How to overcome social anxiety
I recommend a two pronged approach. Learn to:
- 1. cope with the symptoms; and
- 2. reduce the occurrence of social anxiety
Very often people just focus on coping strategies. Effective coping strategies provide temporary relief but they don’t address what lies at the heart of social anxiety – the fear of being judged.
The following four steps can help you to reduce the occurrence of social anxiety in future:
- 1. Understand and acknowledge that anxiety is a normal human response and you’re not broken. You don’t need to be ‘fixed.’ You just need to develop some new skills that will help you ….
- 2. Change how you perceive social situations. To change your perception you need to change the internal filters that you use to interpret the signals you receive from your environment and yourself. A key internal filter is the belief system you have about yourself and others. You can change limiting unhelpful beliefs and install new empowering beliefs. With an updated set of filters, situations you previously perceived as threats will be perceived neutrally, or as opportunities and challenges. Which means that rather than experience anxiety, you’ll experience excitement.
- 3. With your new perception of social situations, you can begin to expose yourself to more and more challenging situations. For example, when in a social group take the pressure off yourself, and just listen to the conversation going on around you. People in social groups love listeners. Perhaps ask a couple of questions and then let the other people talk about themselves. People will think you’re a wonderful person for taking an interest in them. As you start to expose yourself to more and more situations without feeling panicked you’re confidence and self-belief will grow.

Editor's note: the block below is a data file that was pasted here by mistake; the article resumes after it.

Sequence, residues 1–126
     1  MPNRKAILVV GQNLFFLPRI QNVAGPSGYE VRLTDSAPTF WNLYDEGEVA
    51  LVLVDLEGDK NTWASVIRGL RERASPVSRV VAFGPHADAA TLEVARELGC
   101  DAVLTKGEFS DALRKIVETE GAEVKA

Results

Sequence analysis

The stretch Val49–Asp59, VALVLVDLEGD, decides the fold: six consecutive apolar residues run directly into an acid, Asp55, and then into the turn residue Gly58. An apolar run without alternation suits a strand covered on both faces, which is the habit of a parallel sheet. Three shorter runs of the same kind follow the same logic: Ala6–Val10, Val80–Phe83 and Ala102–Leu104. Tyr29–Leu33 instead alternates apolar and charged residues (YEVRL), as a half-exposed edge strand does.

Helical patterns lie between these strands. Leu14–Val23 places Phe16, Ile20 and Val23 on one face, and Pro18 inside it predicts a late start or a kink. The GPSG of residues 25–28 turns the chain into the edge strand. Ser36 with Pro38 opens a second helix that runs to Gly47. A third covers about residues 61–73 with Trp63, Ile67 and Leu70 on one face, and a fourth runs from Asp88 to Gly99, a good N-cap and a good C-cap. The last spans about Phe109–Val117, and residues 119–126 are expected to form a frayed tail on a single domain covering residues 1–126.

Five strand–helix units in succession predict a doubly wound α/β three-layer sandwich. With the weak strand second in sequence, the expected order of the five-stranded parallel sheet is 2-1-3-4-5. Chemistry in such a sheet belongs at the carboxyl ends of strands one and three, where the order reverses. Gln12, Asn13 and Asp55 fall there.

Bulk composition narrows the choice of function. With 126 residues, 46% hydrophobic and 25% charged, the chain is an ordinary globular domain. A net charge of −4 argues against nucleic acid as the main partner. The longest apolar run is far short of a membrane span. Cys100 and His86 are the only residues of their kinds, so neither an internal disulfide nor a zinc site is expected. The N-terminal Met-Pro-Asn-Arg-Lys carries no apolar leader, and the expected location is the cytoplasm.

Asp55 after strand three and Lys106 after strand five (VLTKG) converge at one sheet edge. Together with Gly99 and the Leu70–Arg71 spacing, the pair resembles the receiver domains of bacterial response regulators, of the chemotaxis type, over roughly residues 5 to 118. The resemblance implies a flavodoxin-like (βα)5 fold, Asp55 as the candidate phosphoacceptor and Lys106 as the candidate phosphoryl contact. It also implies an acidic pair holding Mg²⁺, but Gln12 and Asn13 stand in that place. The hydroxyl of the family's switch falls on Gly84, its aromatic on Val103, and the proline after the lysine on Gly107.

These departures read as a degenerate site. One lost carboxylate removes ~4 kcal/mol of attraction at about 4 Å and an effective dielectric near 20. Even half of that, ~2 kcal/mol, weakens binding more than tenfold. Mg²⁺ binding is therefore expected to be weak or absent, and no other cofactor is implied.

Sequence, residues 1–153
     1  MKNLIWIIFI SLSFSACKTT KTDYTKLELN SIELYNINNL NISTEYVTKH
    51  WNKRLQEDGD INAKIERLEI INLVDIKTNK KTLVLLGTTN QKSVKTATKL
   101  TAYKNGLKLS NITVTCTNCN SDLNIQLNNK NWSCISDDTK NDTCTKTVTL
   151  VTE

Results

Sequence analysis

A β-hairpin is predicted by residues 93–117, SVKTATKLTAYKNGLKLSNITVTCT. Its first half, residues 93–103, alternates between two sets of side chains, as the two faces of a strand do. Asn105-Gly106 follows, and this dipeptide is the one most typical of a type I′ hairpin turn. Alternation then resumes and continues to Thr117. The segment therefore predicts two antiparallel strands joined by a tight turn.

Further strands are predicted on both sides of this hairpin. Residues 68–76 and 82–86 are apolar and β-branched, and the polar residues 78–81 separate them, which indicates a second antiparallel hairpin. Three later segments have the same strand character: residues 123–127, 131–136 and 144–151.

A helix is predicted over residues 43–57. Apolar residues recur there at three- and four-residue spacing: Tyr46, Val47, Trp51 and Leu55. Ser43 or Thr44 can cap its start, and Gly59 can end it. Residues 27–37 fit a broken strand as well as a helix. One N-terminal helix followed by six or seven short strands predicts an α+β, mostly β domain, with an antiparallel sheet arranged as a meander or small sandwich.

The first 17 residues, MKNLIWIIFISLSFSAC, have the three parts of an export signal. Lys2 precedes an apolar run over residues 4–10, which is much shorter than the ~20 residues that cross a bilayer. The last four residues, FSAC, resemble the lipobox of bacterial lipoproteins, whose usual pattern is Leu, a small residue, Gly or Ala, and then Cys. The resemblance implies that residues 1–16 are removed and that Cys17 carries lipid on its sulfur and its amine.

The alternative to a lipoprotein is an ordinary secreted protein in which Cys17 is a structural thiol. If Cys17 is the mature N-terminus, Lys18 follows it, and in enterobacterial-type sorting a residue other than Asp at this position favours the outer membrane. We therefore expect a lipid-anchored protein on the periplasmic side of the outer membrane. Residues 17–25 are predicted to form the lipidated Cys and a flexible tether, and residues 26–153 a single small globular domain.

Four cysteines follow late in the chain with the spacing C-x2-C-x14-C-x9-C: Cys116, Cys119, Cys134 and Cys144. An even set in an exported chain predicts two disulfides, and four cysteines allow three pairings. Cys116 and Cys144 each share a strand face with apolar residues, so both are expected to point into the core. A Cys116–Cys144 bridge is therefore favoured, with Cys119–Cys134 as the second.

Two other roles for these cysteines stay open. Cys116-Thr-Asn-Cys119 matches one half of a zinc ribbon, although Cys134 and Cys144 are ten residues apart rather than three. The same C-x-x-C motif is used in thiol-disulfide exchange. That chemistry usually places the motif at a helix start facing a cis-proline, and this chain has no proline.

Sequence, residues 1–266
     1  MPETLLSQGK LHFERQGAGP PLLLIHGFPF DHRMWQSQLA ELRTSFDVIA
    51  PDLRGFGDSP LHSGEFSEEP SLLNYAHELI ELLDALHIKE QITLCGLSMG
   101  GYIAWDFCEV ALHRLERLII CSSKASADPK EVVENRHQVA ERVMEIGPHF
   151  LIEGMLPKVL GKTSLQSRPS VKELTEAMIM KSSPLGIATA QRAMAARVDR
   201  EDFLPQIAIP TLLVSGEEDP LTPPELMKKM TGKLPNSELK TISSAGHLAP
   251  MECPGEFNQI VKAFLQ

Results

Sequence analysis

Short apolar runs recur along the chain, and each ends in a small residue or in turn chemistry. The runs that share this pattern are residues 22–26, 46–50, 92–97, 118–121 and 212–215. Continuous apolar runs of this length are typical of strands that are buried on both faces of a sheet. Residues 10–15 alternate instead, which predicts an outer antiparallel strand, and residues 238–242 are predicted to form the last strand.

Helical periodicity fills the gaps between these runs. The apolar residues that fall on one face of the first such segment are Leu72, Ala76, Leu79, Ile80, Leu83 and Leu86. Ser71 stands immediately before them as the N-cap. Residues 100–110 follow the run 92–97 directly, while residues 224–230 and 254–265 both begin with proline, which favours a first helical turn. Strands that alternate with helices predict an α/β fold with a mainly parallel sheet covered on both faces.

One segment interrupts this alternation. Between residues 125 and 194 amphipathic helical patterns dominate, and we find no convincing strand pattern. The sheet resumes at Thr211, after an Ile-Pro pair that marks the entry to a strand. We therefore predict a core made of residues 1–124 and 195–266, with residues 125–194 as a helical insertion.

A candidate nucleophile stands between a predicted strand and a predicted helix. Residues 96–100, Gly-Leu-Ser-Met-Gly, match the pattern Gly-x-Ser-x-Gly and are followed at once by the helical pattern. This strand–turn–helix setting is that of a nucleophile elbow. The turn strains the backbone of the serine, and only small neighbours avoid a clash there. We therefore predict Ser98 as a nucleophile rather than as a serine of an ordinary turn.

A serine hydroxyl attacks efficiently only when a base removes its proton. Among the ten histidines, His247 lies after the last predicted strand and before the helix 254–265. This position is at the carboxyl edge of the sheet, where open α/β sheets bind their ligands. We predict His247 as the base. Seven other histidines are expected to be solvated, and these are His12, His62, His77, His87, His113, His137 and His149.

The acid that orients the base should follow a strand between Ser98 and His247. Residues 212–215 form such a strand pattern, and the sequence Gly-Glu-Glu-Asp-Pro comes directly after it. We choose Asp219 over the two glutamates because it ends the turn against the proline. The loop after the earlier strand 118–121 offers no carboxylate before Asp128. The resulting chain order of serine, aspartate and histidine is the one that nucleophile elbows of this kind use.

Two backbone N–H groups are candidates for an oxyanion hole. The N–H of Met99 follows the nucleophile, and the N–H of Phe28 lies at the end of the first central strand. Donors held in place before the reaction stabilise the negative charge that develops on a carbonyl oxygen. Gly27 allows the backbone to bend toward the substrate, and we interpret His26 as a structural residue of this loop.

4. If the source of your social phobia was a traumatic experience like the one I experienced as a child then this can be effectively treated using the REWIND Technique.
NEW!! Anxiety Reduction Through Improvisation (ARTI) - 1 Day Workshop
Face Your Fear - Play - Listen - Support - Trust - Fail - Commit - Laugh (lots)
If you've been following my blog for a while you'll know that I've been studying and performing Improvisation for some years now. What I've discovered along the way, is that Improvisation has many philosophies and techniques that can help people take back control over anxiety, particularly social anxiety. When these Improvisation techniques are combined with anxiety busting techniques from the field of modern psychology you create a solution called “Applied Improvisation.” Applied Improvisation is popular, and is now being used across the world, to help many people experiencing anxiety, overcome their fears.
In May I'll be beta testing the Anxiety Reduction Through Improvisation (ARTI) workshop I've developed in partnership with Improvisation coach Clare Kerrison. If you want to say goodbye to your social anxiety, ARTI could be the answer you've been looking for. To learn more about this safe, fun, life changing workshop and register your interest click here.
If your anxiety is holding you back from living the life of your dreams or is causing ongoing problems in your life, give me a call me on 021 056 8389, email firstname.lastname@example.org or use the Book Now button to arrangea one hour Complementary Free Overcome Anxiety consultation .
REMEMBER - "When you change your mind you change your life."
Have a wonderful week.
Tony helps individuals to harness the power of their mind to achieve success and well-being in life, work and business. Tony's particular area of expertise lies in helping people to 'change their minds' so they overcome limiting beliefs and unhelpful habits and gain freedom from worry, anxiety and stress. Tony’s solution focused approach to coaching uses a range of techniques drawn from the fields of co-active coaching, hypnosis, positive psychology and neuro-linguistic programming (NLP).